This season is no different. The top ranked Crimson Tide are the fourth ranked team in the country in scoring defense and 11th in total defense. If there is a relative weak spot in the Alabama defense, however, it’s in the secondary.
The Tide is the 58th ranked team in passing yards allowed per game, behind seven teams that the Buckeyes have already played this year. According to Ohio State offensive coordinator Tom Herman, that’s a bit misleading.
"It's the style,” Herman said. “They're going to stop the run and in doing so maybe leave themselves a little bit, I don't want to say susceptible ... vulnerable? No ... They're very good at stopping the run, and it does put some of their kids in a position where they are in one-on-one situations a little bit so you have to make them pay.”
As the coordinator said, Alabama focusses on stopping the run, and as the top-ranked team in rushing defense, they’ve done a good job at it. That does put their secondary in tough situations at times, as teams have been forced to throw the ball to gain yards and sustain drives.
Even accounting for the volume of passing plays they are forced to defend, the Tide hasn’t been as good in 2014 as they have been recently in defending the pass. Teams are completing 54.5 percent of their passes against Alabama, the 24th-best mark in the country, and the Tide is allowing 6.4 yards per attempt, the 22nd best number nationally.
The 58th ranking in pass defense is the first time that Alabama has been ranked outside the top 15 since the 2008 season.
“They have a good secondary,” tight end Jeff Heuerman said. “They don’t do a whole lot of crazy things. They know what they want to do and they execute and they do it well, so it’s going to be a good challenge for us.
“They’re a good defense, they’ve got a bunch of talented guys, a few all-SEC guys. We just need to execute, honestly.”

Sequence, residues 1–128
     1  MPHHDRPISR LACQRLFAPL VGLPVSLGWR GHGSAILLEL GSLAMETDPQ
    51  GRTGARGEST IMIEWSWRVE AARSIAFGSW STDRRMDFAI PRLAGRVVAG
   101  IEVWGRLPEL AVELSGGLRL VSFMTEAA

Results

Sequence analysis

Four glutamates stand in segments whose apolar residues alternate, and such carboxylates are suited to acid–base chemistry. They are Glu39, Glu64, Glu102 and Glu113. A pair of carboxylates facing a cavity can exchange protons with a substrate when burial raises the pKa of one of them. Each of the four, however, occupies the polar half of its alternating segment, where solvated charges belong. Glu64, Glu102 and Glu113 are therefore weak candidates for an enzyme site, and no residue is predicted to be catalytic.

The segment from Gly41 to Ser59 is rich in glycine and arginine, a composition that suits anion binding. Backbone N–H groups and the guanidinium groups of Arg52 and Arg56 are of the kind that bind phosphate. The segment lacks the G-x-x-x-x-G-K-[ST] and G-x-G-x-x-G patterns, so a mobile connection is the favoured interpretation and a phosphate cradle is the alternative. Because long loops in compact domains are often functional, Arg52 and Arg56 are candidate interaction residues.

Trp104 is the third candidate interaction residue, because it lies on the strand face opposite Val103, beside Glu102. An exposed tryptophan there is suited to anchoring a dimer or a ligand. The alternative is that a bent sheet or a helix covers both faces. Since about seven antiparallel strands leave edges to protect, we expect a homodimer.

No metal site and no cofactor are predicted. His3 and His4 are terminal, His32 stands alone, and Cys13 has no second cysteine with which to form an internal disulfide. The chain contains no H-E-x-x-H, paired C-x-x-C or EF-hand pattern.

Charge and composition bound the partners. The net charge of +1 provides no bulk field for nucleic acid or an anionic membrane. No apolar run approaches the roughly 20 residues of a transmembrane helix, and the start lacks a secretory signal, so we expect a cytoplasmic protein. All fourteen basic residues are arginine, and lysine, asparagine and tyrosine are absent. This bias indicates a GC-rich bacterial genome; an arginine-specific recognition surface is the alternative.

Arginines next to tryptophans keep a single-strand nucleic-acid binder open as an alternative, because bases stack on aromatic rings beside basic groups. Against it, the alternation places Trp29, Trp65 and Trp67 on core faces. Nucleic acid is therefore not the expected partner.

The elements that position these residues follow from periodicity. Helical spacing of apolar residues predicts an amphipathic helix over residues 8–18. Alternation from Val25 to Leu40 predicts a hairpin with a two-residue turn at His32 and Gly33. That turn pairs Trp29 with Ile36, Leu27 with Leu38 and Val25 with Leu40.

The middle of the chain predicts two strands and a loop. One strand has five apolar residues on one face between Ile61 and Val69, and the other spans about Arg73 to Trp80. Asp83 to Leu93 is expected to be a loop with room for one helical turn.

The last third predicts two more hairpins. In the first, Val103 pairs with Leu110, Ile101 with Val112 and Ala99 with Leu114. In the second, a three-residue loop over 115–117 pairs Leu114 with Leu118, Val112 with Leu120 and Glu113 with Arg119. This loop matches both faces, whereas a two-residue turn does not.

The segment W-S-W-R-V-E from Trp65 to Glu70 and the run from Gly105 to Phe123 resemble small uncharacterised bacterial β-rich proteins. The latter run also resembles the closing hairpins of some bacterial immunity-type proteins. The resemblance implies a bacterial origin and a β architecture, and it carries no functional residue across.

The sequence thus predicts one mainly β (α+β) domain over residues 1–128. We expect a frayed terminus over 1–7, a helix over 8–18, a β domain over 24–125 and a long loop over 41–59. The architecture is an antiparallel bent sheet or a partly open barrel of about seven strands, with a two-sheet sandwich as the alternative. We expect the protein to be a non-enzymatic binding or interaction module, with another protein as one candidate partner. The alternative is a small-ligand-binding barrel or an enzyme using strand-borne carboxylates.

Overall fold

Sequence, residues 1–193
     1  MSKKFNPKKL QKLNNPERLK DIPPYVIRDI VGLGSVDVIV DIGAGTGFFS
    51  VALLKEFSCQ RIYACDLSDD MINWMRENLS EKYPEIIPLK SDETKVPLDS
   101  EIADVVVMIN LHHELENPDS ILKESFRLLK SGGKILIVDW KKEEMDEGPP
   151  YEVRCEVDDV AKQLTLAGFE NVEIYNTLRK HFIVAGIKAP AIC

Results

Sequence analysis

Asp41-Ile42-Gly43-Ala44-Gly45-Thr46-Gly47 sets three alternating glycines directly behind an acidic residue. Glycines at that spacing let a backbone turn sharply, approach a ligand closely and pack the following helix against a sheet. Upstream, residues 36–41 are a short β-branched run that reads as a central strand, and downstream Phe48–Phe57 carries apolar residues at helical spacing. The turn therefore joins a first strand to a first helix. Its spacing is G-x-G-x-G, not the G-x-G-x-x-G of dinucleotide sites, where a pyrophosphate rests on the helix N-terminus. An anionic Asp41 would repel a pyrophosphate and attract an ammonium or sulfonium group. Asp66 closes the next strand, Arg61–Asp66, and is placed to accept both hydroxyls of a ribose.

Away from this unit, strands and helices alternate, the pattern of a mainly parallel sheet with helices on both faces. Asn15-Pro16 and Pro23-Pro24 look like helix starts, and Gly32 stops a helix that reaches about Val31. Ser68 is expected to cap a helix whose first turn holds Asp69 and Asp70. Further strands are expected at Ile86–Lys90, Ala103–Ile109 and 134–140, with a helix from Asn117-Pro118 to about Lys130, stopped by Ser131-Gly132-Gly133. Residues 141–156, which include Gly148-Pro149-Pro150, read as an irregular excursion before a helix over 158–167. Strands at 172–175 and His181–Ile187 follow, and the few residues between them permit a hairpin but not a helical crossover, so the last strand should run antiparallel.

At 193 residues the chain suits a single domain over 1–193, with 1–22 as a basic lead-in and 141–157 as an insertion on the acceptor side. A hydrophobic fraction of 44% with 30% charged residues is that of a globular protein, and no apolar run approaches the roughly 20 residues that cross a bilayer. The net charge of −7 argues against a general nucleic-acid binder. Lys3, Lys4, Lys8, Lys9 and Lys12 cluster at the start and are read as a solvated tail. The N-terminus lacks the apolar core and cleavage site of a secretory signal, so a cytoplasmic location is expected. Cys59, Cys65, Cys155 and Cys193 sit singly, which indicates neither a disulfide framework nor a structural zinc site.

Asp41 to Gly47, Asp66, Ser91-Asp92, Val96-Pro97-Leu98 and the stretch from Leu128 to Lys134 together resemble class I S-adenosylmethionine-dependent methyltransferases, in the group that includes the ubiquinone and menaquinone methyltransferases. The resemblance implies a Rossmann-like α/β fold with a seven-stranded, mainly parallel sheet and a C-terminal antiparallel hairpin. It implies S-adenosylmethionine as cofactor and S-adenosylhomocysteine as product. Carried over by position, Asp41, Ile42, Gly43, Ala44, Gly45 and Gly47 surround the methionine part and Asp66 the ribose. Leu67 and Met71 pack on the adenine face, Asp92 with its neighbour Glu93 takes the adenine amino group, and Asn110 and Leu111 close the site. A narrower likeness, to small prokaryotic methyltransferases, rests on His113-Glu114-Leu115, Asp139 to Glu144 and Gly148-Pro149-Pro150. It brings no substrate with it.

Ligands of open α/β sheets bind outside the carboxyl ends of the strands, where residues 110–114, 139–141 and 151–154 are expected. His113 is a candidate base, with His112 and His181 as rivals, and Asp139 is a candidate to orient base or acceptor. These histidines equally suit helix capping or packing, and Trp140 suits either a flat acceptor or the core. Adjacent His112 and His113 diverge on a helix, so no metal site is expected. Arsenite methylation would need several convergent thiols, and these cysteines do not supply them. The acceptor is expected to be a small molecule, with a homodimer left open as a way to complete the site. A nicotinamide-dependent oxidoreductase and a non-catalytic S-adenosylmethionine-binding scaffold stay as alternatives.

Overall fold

The secondary is led by safety Landon Collins, a unanimous all-American, though he is generally thought of first for his play in stuffing the run.
Ohio State is the best passing team that the Tide has faced this season as the Buckeyes enter the game with the second best passing rating in the country, though the majority of that work was done by the now-injured J.T. Barrett.
The Buckeyes have also been one of the best teams in the country in throwing deep. They have 15 passing plays of over 40 yards this season, more than all but 10 teams in the nation. Alabama has allowed eight such plays this season, the 52nd best defensive mark in the country.
“There's still the matter of our guy beating their guy and us protecting,” Herman said. “There's a lot that goes into a successful offensive football play, especially a successful offensive football play that is a down-the-field throw.”
As the No. 1 team in the country, one of four teams left contending for a national title, Alabama clearly has a capable pass defense. The thinking is, however, that it is an area where Ohio State may be able to take advantage.
The blueprint for that came on Nov. 29 when the Tide played Auburn. Though the Tigers lost, they scored 44 points, amassed 456 passing yards and connected on touchdowns of 34 and 68 yards.
“A lot of teams think they can come out and pick on our secondary, but it’s up to us to strap down defensively and hold it down on the back end,” Alabama cornerback Cyrus Jones said. “It’s expected, but I think we’ll be ready for it.”
Jones is part of the unit that defensive coordinator Kirby Smart said has improved as the season has gone on. He knows that growth is going to have to show against Ohio State’s talented group of wide receivers.
“At the end of the day, the guys that are starters gotta play best because they're the guys that are going to play,” Smart said. We're not necessarily going to play more guys in the secondary. We've just got to play better in the secondary. We've challenged them to do that.”
If they do, the Tide’s defense will be awful hard to penetrate.